I’ve been thinking a lot lately about hoarding.
No, I am not in any danger of having a house filled several feet deep with old newspapers, empty pizza boxes and cat poop. Or at least, I don’t think I’m in danger of that. I am guessing the man currently tunneling through an apartment piled to the ceiling in filth at one time didn’t think he would ever be living like that, and yet…there he is.
No, I am thinking about my own personal hoarding demon. Perhaps a more insidious form of crazy because it’s less obvious. I am thinking about the way I endlessly pin things on Pinterest for “later” that I never look at again—clothes, decorating ideas, DIY projects and recipes. I am thinking of the GB of emails and files I have saved to “read later” and for projects I never get around to. I look at the box of “too small” clothes in the spare closet that I might fit into again one day, and the box of “too big” clothes I may have to wear again one day.
Then there’s the “just in case” food storage rotting away in the cupboard, the flower pots I bought for an herb garden I haven’t started…yet…two years later. The cracked watercolors and warped paintbrushes I have lugged around since college through several moves, packing and unpacking but never using. Because one mysterious and magical day, I will have time again to paint and have a garden and do all of the cooking and DIY projects I imagine I could do…probably in the same imaginary world where I am a size 2 again.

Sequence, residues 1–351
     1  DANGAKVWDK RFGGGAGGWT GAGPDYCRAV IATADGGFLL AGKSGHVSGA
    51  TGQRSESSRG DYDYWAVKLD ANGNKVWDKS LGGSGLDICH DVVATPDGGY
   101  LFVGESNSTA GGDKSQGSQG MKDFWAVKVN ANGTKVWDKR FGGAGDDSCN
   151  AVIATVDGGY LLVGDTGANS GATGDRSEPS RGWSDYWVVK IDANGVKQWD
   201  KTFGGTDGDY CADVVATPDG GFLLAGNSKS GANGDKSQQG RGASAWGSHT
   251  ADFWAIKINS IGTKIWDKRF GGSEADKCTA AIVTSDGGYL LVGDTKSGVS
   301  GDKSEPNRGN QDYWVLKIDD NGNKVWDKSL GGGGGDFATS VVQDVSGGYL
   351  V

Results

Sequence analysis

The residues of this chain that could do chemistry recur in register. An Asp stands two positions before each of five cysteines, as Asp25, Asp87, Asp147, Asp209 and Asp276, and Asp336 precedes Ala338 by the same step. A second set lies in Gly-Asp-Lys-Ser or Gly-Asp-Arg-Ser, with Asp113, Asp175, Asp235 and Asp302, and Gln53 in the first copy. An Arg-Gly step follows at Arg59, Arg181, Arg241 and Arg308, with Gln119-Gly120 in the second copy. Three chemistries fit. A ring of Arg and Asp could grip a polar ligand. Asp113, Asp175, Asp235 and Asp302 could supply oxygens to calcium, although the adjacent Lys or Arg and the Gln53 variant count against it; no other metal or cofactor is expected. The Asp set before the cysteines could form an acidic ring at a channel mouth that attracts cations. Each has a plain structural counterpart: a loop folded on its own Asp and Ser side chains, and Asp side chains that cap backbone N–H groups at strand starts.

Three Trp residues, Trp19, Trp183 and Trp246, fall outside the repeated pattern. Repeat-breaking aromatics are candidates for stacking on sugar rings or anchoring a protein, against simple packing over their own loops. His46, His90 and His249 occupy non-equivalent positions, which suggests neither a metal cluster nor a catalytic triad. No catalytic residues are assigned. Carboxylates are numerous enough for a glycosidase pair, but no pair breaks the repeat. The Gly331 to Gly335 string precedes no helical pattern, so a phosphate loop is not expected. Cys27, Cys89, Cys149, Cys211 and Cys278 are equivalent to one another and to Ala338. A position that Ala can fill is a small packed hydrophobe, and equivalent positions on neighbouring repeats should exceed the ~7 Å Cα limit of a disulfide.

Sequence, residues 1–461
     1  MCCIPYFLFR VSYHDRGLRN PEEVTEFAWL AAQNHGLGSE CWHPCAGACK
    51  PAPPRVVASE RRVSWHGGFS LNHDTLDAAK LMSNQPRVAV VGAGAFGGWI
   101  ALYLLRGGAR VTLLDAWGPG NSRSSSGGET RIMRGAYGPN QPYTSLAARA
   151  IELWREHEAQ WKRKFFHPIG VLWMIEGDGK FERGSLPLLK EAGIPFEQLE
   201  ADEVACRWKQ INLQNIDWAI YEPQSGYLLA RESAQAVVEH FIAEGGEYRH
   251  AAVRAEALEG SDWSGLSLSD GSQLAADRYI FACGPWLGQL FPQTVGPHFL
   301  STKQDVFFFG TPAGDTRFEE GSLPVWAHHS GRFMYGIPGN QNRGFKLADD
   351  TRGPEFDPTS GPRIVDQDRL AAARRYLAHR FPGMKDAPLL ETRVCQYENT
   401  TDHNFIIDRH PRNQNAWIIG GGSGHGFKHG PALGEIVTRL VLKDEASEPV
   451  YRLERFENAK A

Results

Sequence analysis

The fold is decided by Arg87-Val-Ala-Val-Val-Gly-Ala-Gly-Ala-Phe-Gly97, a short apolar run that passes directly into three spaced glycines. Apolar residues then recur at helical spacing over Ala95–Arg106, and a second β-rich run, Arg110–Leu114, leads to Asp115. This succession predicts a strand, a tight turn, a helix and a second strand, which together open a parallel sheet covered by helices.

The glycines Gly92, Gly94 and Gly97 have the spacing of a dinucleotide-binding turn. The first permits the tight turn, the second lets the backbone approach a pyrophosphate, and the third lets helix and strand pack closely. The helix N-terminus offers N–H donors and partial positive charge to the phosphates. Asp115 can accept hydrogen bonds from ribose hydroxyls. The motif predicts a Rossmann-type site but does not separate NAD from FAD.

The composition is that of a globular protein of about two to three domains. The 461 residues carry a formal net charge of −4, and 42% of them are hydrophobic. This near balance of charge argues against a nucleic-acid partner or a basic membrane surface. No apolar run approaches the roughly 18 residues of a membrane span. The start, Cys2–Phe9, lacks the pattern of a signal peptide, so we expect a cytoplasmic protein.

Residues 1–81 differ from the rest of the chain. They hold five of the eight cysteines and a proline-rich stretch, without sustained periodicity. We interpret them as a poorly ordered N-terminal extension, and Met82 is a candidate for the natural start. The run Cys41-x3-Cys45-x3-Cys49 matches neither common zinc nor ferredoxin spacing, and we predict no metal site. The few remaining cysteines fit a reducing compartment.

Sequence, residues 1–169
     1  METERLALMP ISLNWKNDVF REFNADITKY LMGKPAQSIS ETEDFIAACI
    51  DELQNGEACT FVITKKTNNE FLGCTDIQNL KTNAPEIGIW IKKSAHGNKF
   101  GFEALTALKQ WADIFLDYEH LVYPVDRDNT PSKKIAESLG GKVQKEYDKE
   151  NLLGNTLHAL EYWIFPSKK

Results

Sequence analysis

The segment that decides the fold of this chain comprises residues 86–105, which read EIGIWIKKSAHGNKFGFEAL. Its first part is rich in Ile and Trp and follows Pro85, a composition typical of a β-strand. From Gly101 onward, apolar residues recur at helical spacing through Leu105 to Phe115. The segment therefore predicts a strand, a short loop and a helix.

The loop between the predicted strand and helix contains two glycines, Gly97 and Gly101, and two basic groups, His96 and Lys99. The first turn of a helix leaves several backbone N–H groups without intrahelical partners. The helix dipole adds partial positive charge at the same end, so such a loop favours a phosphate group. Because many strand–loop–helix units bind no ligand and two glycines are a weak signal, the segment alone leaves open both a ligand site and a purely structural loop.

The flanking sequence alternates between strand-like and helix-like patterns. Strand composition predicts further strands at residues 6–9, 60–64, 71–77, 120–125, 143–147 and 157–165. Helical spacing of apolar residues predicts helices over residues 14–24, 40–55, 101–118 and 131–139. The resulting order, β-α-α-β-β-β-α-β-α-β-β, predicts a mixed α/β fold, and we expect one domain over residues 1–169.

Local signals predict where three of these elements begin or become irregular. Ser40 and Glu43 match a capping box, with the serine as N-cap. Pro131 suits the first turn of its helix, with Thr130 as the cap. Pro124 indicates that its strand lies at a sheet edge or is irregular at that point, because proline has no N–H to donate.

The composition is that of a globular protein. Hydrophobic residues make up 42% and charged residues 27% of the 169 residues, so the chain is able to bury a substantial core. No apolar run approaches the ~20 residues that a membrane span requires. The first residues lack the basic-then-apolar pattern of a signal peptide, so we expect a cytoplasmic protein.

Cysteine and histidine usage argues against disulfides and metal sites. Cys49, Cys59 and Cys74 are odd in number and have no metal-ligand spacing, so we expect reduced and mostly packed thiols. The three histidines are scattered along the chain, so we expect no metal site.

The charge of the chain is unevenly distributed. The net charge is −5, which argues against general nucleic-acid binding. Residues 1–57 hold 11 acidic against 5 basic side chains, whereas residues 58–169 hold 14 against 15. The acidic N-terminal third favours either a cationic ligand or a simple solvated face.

Mostly I think about why I keep all of these things. I know the reasons I give my long-suffering husband, especially about the piles of cooking magazines and endless Tupperware collections. I tell myself I am being thrifty, not wasting or throwing away “perfectly good” ratty towels and squeaky shoes, and how I will need all of these things later. Probably tomorrow actually. But why am I really hanging on?
I remember during our last move, I finally went through a bin of old college notes and papers I was saving for when I went to grad school. And I couldn’t just throw the entire bin away, I had to pour over old handwritten notes I didn’t even really understand anymore. I wasn’t throwing away college notes and papers, I was throwing away a dream, a dusty, deteriorating dream that sat in a closet too long.
The other day, I was trying to remember some Shakespeare minutiae during a random conversation. I can’t even remember why it was so important that I recall a bunch of factoids from an old college class, but it suddenly struck me how much I had forgotten about a subject I used to be very knowledgeable and passionate about. I finally had to admit that I wasn’t sure anymore.
“You know, you can’t hoard knowledge,” I said to my husband, feeling a little deflated. “If you don’t use it, you lose it.”
This realization is disheartening. A part of me wants to save as much as I can—ideas, things, plans—when they’re available, and even if I don’t use something for a decade, it should still be shiny and new and just as useful as the day I stored it away. But in real life, that doesn’t happen. Pant seams fray, that gaudy “gold” ring turns brassy, the colors fade on that poster you planned to frame eventually, and the last few drops of your favorite perfume sour while you wait for the special occasion to use them.
I don’t understand what fears of mine are being assuaged by holding on. But I am starting to understand that if you hang onto something that you aren’t using, you are wasting it. And by the time you finally get around to using it, there probably won’t be much left to work with anyway. If you don’t use it, you lose it, even if it’s still stowed safely in a drawer somewhere waiting for the perfect moment.